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The Future of Wearable Technology

(February/March 2016) posted on Mon Mar 07, 2016

Why screen printers should care about the development of apparel infused with electronic sensors and circuitry.

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By Eileen Fritsch

In theory, the possibilities for wearable technologies seem limited only by designers’ imaginations. But in the real world, the commercialization potential of some of these ideas will depend on two things: The ability to create durable, washable, and reliable low-power electrical components that can be safely and comfortably worn close to the skin; and the ability to produce smart textiles and clothing at prices that everyone can afford.

Why Screen Printers Should Pay Attention
According to the emerging technologies research firm IDTechEx, the market for wearable technology will grow from $24 billion today to more than $70 billion in 2025. But the term “wearable technology” means different things to different people. The market today consists primarily of non-washable objects such as wristwatches, fitness trackers, earphones, and medical devices like EKG, EEG, and blood glucose sensors. Newer wearables include virtual reality headsets and “Magic Band” wristbands that customize the experience of each visitor in a Disney theme park.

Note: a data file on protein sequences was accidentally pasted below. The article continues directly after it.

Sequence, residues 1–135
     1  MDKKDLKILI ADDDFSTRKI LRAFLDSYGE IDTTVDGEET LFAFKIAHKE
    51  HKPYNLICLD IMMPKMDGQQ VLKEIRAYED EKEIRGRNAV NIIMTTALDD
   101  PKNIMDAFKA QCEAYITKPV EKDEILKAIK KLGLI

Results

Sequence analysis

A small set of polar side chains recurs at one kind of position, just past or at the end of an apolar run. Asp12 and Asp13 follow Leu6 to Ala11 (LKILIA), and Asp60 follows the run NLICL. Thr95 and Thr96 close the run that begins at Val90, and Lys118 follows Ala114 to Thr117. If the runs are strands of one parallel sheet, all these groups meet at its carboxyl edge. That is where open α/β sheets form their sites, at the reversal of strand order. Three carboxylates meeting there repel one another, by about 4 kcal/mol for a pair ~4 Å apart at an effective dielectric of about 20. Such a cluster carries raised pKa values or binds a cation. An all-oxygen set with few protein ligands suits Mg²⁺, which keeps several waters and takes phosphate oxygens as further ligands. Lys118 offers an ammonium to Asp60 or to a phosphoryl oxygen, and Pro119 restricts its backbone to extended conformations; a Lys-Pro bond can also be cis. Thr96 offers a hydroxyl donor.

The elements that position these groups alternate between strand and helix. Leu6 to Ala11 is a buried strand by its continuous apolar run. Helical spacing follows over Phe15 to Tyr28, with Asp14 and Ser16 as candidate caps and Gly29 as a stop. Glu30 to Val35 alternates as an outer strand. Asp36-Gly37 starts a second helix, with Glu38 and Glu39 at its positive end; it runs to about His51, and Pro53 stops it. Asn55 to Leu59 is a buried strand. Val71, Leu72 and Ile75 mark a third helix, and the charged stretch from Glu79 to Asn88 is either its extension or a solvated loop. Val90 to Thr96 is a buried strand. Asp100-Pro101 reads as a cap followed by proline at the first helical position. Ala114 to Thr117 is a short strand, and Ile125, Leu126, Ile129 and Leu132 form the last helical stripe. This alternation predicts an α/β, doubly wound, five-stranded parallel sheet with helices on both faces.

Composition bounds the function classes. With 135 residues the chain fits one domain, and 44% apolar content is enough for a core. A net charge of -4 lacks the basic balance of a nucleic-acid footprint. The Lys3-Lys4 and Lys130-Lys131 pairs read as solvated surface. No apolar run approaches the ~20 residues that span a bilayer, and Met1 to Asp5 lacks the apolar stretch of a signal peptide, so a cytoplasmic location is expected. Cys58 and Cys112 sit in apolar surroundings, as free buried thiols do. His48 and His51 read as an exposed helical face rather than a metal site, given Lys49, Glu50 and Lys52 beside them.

Whole new waves of opportunities will arise as researchers continue to develop thin, conformable, flexible electronic components that can be integrated with smart textiles. Silicon Valley tech firms regard such printed electronics as an enabling technology for the low-cost fabrication of low-power electronic components that could be worn close to the skin and move easily with the wearer’s body. (The term “printed electronics” refers to the deposition of electrically functional or optical inks in patterns and thicknesses that will create active or passive devices such as thin-film transistors, capacitors,
coils, and resistors.)

One screen-printing expert who has seen the rapid advancement of flexible electronics for wearables firsthand is Ray Greenwood. As an independent industrial, medical, and electronic printing consultant and contractor, he has worked in the sensor end of the medical electronics industry since 2011, starting out with products such as defibrillator pads and EEG and EKG electrodes. His work has quickly expanded into developing flexible devices for sports medicine, blood-flow monitoring, and electrochemical electrodes for very specific functions.


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